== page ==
Hiding money, shares or other assets in a bank account in an offshore tax haven, such as the Cayman Islands, Bahamas, British Virgin Islands or Panama, so that tax is not paid in the UK.

  • Woman working on laptop top view
    Expense abuse

    This can include misreporting to HMRC personal expenses as tax-deductible business expenses (eg fuel costs or other vehicle-related expenses). In other cases, expenses may be invented or inflated to reduce tax bills.

  • Twenty pound banknotes in man's hands
    Cash payments

    Made to employees, for some or all work, to avoid having to pay Income Tax and National Insurance contributions (both employer and employees). Hospitality staff not declaring tips is another everyday example of tax evasion.   

What is “tax fraud”?

Tax fraud is a broad umbrella term used to describe a wide range of illegal activity, which includes:

  • not charging VAT when necessary
  • charging VAT or deducting PAYE tax from employee earnings but not paying it to HMRC
  • falsifying tax return information to reduce tax liability
  • failing to report to HMRC all sums paid to yourself or your staff.

Tax fraud is also committed when goods that are liable to excise duty, customs duty or VAT are smuggled into the UK. Not being registered for VAT when required is another example of tax fraud.


Video: Why Jimmy Carr hates tax loopholes

by BBC

Comedian Jimmy Carr was one of the high profile celebrities exposed for using ‘aggressive tax avoidance schemes’. In this video from BBC show Room 101 he points out some of the curiosities around tax laws. 

What action will HMRC take?

HMRC seeks to ensure the “highest level of compliance with the law and regulations governing direct and indirect taxes” and other regimes for which it is responsible. Criminal investigation, with a view to prosecution, is “an important part of HMRC’s overall enforcement strategy”.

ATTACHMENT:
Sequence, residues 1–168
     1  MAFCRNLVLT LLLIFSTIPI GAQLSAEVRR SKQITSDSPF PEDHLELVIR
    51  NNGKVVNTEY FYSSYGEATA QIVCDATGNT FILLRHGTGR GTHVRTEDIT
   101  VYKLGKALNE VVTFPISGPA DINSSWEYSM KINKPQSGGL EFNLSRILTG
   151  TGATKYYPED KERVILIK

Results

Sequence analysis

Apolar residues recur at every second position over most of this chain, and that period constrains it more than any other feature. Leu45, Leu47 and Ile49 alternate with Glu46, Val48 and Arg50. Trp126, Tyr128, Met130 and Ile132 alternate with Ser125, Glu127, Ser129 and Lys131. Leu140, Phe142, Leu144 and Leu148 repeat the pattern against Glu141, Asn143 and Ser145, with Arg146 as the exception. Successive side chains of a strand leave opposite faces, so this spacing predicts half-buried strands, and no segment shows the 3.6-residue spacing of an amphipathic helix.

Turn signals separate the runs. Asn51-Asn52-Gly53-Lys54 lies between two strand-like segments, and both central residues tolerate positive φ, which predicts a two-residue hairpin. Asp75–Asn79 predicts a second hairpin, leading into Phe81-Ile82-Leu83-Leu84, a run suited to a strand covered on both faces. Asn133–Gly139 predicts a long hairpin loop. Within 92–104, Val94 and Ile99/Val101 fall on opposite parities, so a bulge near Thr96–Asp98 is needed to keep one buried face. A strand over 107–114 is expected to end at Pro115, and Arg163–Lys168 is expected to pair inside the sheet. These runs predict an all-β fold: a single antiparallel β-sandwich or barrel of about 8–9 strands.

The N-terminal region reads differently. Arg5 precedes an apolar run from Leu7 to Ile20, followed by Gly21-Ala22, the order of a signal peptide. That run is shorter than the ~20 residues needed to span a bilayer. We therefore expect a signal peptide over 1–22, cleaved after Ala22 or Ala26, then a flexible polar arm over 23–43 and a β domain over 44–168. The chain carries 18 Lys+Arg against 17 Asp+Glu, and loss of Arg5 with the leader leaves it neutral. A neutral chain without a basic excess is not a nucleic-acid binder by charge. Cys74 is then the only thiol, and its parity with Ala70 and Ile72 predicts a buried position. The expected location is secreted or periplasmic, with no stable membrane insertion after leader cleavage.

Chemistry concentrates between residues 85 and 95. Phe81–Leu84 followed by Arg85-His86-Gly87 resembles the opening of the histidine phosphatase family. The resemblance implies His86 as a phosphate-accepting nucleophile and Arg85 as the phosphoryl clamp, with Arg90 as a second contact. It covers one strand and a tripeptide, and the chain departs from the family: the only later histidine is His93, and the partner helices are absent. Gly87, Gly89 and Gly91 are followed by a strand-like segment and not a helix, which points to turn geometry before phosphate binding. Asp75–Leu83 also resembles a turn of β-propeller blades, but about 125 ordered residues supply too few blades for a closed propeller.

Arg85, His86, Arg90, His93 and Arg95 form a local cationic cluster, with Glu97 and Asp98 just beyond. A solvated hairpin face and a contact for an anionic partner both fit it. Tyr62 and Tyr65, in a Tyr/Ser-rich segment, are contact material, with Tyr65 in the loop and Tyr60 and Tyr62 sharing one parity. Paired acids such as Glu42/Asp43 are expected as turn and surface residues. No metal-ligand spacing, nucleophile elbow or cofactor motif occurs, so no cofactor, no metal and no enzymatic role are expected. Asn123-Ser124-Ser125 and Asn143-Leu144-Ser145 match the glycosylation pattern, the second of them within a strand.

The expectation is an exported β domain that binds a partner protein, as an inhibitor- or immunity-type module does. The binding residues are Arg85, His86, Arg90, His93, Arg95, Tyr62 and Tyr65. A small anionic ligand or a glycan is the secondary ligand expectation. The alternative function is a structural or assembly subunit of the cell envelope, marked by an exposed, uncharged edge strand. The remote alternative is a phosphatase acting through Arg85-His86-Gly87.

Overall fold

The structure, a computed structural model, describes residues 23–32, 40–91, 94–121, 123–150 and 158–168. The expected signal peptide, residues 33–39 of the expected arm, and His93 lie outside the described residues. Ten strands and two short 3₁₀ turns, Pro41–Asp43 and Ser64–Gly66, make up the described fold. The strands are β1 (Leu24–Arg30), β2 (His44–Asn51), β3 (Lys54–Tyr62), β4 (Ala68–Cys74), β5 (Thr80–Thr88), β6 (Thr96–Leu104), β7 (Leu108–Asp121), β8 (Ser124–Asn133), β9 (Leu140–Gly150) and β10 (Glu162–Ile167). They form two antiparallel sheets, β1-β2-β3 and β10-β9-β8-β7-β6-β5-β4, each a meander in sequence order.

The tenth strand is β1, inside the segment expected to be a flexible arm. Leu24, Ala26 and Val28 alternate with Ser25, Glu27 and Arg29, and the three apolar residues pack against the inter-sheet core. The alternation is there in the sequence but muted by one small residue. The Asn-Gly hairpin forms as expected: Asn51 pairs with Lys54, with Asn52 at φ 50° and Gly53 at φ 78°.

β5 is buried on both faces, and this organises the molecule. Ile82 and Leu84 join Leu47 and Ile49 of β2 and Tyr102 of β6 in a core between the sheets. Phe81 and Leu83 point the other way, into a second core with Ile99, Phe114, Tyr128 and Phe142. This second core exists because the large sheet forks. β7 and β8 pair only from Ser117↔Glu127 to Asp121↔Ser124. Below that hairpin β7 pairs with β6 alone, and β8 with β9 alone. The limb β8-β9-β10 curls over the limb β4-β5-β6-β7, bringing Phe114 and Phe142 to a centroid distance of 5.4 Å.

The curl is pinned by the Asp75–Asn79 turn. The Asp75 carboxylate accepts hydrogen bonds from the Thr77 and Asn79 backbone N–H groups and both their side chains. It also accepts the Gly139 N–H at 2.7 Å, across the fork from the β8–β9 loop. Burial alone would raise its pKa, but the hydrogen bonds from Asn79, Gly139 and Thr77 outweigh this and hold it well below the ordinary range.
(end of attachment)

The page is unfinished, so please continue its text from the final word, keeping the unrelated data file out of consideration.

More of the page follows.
HMRC deals with fraud by using “cost-effective civil fraud investigation procedures”, while criminal investigation is “reserved for cases where HMRC needs to send a strong deterrent message or where the conduct involved is such that only a criminal sanction is appropriate”.

Tax evasion can lead to severe sanctions from HMRC, including unlimited fines and up to seven years imprisonment, while also having to pay anything up to 200% of the total tax due.

And, when introduced, the Criminal Finances Act 2017 made it a criminal offence in the UK for a business to fail to prevent its employees or “associated persons” from facilitating tax evasion.

Determining which one applies

It is hugely important that we all contribute tax into the system. Tax avoidance is technically not illegal whilst tax evasion is – but, in essence, they both exist to achieve the same aim. When determining if what you’re doing is one or the other, consider if you should even be asking the question? If the tax-paying public were to find out about it, how would it reflect on your business? 

For the avoidance of doubt, any of the following could land you in trouble with the authorities for tax evasion:

  • Failing to report or under reporting your business income
  • Conducting business ‘off the books’ through cash payments
  • Hiding money, shares, or other assets in an offshore business bank account
  • Misreporting personal expenses as tax-deductible business expenses
  • Using company property for personal use without valid business reason

Where to get tax advice

A reputable accountant or specialist tax adviser will be able to tell you how to manage and plan your tax affairs to minimise your tax bills, while not breaking any tax rules.

Accountants who are members of professional associations, such as the Institute of Chartered Accountants in England and Wales and the Association of Accounting Technicians, are bound by codes of ethics and conduct, based on international standards, designed not only to maintain the highest standards of professional conduct, but also to take into consideration the public interest.

If you need help understanding your tax liabilities, use our directory to find an accountant or bookkeeper near you.